You give it your all when you work out, so ensure that your efforts are maximized by making smart food choices before and after a workout.
Focus your efforts on high-quality nutrition to reap the rewards of proteins, vitamins, and minerals to:
But nutrition pros will tell you that the answer is not energy bars or drinks. The best strategy is the right wholesome foods at the right time. Even those just starting an exercise routine can benefit from thinking about their workout nutrition in three phases.
Whether you're doing cardio, weight-training, or a combo of the two, the right time to eat a well-balanced, easy-to-digest meal is two to four hours before your workout.
Focus on complex carbs to top off the energy stored in your muscles.
Include a moderate amount of protein to prep your muscles for post-exercise recovery.
Go easy on fat like nuts and oils, and foods heavy in fiber like broccoli or cauliflower, to prevent tummy problems. And, of course, drink plenty of fluids.
If there's no time to fit in a full meal before your workout—if your workout is early in the morning or right after work, for instance—focus instead on a pre-workout snack. This micro-meal 30 minutes or so before you exercise is extra important if you'll be working out for 60 minutes or more.
Before you work out, focus on carbs your body can access quickly.
During a workout, keep those carbs easy to consume.
Fun raisin fact: Nutrition researchers compared the performance of elite runners who recharged with either sports-specific energy chews or a supply of raisins. The raisin group got the same boost in energy as the sports-chew group for a fraction of the cost.3
After your workout, your focus should be on refueling and recovery. Think about the three Rs:1
Ideally, you should refuel within 45 minutes after exercising, and most people aren't quite ready for a full meal by then. That's where these quick-recovery options are ideal:
A quick snack is perfect right after a workout, then follow it up with a fuller meal centered on:
Interesting whey protein fact: Many athletes use whey protein post-workout because it is easily digested. Plus, it contains high amounts of an amino acid known to help build and repair muscles.
You don't have to be a seasoned athlete to benefit.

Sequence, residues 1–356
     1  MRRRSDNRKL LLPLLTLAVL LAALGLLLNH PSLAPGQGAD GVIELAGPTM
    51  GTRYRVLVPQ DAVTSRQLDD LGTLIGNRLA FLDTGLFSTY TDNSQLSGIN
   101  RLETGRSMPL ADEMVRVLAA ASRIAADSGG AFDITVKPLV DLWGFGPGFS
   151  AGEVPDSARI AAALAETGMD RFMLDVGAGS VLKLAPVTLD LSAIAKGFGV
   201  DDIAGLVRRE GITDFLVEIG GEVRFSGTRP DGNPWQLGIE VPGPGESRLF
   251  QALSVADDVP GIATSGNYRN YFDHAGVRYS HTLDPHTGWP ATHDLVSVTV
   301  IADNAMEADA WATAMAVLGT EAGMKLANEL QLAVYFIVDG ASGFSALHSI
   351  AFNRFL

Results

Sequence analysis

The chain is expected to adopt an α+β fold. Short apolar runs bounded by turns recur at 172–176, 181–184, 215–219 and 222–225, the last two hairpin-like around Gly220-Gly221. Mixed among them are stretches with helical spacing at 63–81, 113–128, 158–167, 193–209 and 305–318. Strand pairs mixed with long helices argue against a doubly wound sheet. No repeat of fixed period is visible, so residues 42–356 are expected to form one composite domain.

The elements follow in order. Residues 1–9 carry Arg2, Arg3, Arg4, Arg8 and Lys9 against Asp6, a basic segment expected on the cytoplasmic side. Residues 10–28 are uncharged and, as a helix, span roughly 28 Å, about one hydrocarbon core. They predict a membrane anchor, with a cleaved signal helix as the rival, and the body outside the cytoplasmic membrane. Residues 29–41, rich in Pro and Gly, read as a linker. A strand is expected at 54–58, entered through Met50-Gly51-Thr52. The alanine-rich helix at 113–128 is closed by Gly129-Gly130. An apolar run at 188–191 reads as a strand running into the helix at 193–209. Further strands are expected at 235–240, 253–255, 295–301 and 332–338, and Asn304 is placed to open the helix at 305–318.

No matter what your workout—a brisk walk or a long-distance run—exercise is an investment of time and energy. When you're putting that much effort into exercise, it's just as important to think about what you're eating.
“To truly live healthily you need to find balance in all areas of your health,” says MOBE Guide Alessandra. “Eating, sleeping, moving your body, and stress management—if one of these is off, the rest can fall.”
If you’re interested in more resources to help you reach your nutrition or exercise goals, try working one-to-one with a MOBE Guide. To find out if you’re eligible for MOBE, check your status or call 844-841-9725. Ready to take the first step? Schedule a call online or download the MOBE Health Guide app.
1. What to Eat Before and After a Workout,” Amy Goodson, American College of Sports Medicine., https://www.acsm.org/blog-detail/acsm-certified-blog/2018/06/25/what-to-eat-before-and-after-a-workout.
2. “Pre- and Post-workout Snacks for Different Workout Durations,” Gina Crome, American Council on Exercise, https://www.acefitness.org/education-and-resources/lifestyle/blog/3532/pre-and-post-workout-snacks-for-different-workout-durations/.
3. Brandon Too, et al., “Natural Versus Commercial Carbohydrate Supplementation and Endurance Running Performance,” Journal of the International Society of Sports Nutrition 9, no. 1 (2012): 27, https://doi.org/10.1186/1550-2783-9-27.
4. “Eating and Exercise: 5 Tips to Maximize Your Workouts,” Mayo Clinic, https://www.mayoclinic.org/health-lifestyle/fitness/in-depth/exercise/art-20045506.